Mahmoud Ahmadinejad in Lebanon: 'a landlord visiting his domain'
Damien McElroy – Telegraph.co.uk October 14, 2010
With the top down, they had hoisted high the tricolour flag of Iran and the primrose banner of Hizbollah. In the back Ahmed Bassam, 25, wore white-rimmed sunglasses and his hair was heavily gelled. He looked like, and freely admitted to being, a child of privilege. Yet here he was to salute Mahmoud Ahmadinejad who has turned his country into a diplomatic and economic pariah. Mr Bassam's simple reasoning is that Mr Ahmedinejad not only saved Lebanon from invasion but salvaged its villages from the ruins of war.
Israel has condemned Mr Ahmadinejad's visit as resembling "a landlord visiting his domain" . In the sense that up to $1billion of Iranian funds to Hizbollah over the last four years has paid for the reconstruction of the south this is true. In 2006 Israel was forced to launch the war after its soldiers were kidnapped on the frontier by Hizbollah following years of rocket barrages by the group using an arsenal of weaponry provided by Tehran.
After repelling the invasion - and forcing the end of a long-running Israeli occupation of a safety zone in 2000 - Hizbollah holds southern Lebanon in a powerful grip. Its Islamic ethos is light years away from the Lebanon of Beirut, where people enjoy the Middle East's greatest freedom to speak and dress as they choose, especially women.
In the face of the greater threat that Mr Ahmedinejad's regime faced down, differences over lifestyle and religious values have been set aside. Mr Bassam said he was expressing his gratitude the Lebanese way. "It's a day to celebrate," he said. "He is here because we are still here. Without Iran's help and assistance the occupation would still be here. It's our Lebanese belief we should say thanks openly and happily."
Two miles away from the flag bedecked soccer stadium where Mr Ahmadinejad addressed thousands of bussed in Hizbollah supporters aged from infancy to the third age, the glint of binoculars from Israeli border positions could be seen.
Mark Regev, Israel's government spokesman, said the trip demonstrated Iran's hostile intentions. "Iran's domination of Lebanon through its proxy Hezbollah has destroyed any chance for peace, has turned Lebanon into an Iranian satellite and made Lebanon a hub for regional terror and instability," he said.
The lingering scars of occupation provided a powerful reason to rally behind Mr Ahmadinejad's visit despite Israel's anger. One man pointed out that thousands of former residents, members of the Israeli-backed Christian militia South Lebanese Army, fled after the end of occupation. The threat they might return to reclaim lost homes and more is still powerfully present.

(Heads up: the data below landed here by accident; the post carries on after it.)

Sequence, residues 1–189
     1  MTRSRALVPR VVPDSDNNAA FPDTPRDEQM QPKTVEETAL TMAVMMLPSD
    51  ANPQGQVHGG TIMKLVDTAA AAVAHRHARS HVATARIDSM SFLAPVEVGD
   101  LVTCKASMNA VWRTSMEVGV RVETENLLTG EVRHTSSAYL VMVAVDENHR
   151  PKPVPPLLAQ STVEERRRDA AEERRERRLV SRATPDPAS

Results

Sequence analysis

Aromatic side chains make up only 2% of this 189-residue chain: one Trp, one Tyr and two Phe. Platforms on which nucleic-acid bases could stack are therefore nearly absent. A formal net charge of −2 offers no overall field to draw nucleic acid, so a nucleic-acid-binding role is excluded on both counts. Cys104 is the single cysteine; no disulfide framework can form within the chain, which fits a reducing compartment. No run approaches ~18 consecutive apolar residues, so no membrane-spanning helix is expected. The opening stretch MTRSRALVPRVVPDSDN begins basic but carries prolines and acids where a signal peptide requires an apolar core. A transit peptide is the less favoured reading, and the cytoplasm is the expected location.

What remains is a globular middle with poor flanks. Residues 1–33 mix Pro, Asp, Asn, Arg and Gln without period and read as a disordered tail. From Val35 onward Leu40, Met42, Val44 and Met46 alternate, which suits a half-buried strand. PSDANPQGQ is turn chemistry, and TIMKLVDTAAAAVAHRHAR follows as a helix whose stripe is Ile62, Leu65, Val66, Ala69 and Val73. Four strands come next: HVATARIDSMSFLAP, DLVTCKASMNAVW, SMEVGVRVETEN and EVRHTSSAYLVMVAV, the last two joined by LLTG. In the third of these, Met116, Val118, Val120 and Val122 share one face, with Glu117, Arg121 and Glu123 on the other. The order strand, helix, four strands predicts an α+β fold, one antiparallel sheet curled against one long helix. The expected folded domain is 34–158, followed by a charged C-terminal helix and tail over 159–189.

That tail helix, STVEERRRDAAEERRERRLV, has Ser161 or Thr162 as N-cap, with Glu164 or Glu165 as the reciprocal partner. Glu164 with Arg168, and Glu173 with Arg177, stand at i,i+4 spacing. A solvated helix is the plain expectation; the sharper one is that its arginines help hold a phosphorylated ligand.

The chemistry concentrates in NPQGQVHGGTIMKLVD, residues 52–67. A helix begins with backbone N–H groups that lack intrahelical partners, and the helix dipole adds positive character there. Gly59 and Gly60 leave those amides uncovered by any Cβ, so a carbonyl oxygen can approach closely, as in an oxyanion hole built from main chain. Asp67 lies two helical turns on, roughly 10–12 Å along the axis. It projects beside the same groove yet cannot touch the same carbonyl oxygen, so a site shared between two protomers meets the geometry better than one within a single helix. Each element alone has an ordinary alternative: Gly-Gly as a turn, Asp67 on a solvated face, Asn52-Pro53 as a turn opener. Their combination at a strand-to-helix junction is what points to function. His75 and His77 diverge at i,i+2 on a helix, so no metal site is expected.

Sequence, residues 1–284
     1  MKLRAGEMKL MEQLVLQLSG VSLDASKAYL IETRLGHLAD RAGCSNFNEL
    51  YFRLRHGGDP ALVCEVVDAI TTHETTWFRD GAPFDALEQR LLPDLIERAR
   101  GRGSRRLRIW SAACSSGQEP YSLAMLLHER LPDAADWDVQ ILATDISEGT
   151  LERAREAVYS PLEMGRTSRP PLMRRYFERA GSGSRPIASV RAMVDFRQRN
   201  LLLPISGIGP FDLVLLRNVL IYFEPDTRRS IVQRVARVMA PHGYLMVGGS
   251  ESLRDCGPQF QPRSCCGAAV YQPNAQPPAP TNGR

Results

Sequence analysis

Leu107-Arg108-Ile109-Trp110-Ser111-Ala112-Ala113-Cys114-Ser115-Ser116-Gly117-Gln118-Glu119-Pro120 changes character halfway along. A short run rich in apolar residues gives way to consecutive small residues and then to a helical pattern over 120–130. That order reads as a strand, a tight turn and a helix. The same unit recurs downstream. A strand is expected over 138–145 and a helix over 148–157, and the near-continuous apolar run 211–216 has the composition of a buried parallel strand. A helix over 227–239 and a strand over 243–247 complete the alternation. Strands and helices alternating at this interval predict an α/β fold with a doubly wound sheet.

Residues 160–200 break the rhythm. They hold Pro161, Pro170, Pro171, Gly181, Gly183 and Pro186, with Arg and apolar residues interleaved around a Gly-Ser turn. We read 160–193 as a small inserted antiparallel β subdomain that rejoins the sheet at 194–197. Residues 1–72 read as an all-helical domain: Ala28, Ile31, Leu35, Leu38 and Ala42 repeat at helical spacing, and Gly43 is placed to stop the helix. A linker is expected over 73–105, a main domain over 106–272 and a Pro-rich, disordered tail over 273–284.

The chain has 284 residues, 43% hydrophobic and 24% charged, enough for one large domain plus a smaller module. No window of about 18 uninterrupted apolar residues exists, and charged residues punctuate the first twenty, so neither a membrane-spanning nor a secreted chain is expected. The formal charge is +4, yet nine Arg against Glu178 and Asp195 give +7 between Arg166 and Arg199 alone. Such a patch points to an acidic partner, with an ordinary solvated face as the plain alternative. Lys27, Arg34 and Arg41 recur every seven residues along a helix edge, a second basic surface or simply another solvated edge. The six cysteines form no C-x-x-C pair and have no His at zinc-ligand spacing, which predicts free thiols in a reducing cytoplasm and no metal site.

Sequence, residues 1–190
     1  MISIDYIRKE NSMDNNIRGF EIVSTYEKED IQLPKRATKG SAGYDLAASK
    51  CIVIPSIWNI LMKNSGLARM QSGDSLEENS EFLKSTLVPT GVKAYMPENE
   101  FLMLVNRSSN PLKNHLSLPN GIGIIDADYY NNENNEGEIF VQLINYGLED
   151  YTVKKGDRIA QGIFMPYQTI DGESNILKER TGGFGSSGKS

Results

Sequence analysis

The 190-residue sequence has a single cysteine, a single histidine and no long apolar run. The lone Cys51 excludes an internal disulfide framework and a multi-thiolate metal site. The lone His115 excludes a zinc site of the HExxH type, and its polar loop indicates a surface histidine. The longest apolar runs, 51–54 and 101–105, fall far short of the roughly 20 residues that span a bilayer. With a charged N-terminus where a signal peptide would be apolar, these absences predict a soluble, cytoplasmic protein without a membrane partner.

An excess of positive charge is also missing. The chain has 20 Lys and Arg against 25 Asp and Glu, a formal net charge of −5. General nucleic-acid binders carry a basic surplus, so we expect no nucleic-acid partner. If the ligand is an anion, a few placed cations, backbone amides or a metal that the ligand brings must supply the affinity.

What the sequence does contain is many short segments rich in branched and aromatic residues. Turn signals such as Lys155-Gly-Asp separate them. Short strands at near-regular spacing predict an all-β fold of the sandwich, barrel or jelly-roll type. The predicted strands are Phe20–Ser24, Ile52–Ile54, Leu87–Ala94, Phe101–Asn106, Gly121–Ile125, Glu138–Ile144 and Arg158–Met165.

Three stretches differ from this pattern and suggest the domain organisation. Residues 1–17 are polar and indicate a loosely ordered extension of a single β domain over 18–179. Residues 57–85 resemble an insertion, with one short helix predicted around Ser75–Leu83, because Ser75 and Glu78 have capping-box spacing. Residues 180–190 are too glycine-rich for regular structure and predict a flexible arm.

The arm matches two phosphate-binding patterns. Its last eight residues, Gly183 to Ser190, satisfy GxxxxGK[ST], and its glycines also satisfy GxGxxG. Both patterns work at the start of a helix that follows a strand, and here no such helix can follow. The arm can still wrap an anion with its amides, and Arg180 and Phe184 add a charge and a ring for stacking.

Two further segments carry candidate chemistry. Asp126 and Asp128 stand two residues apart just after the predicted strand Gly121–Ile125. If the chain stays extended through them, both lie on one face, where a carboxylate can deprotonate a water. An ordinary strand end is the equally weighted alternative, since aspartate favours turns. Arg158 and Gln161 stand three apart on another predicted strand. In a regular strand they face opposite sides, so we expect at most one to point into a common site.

"The military have not given up hope," said Faud Lubdounn, a bookkeeper. "They left homes and property behind and have many grudges to avenge. If Israel came back, so would they."
Bint Jbeil is locally described as Lebanon's Stalingrad such was the intensity of Israel's assault on the town in 2006. The transformation in its fortune's since has provided another powerful incentive for displays of loyalty. Hizbollah and Jihad al-Binna, Iran's construction operation in Lebanon, has paid for the rebuilding of houses, office blocks and shattered streets. It has even built a fun park complete with a scale replica of Jerusalem's Golden domed Al Aqsa mosque, Islam's third holiest site.
Arafat Mohsen, 35, owes his entire lifestyle to Hizbollah. When Israel pulled out in 2000, Mr Mohsen returned from nearby Tyre where his family had fled. In 2006 his home and shop were both badly damaged and Hizbollah has since given him the money to repair the damage. Now his shop selling army surplus and replica football shirts does an active trade in Iranian flags and Hizbollah T-shirts.
"In fact they paid me too much for the work I needed to carry out," he said. "More than that local people are good customers because they have money and jobs thank to Hizbollah. My house, my wife, my son are all thanks to the end of the Israelis here."
Mr Mohsen declared himself satisified with Mr Ahmadinejad's speech.
"He said we are here side-by-side with the Lebanese. We are here to assist you, assist the Lebanese army, assist the Resistance to ensure that you are safe," he said.
Israel, and the Western countries that support Lebanon's moderate secular parties, took a darker view of the visit. Iran it seemed was revelling it's "base on the Medditerrean".
From Bint Jbeil, Mr Ahmadinejad travelled on to Qana, which was targeted by Israeli shelling that killed 105 civilians during the "Grapes of Wrath" offensive. Out of the corner of his eye, Mr Ahmadinejad would have seen the Union Flag on a memorial for 34 Fijian peacekeepers killed in the town between 1978 and 2002.
Chiselled into the stone was the verse from Matthew: "Blessed are the peacemakers."
Last updated 16/10/2010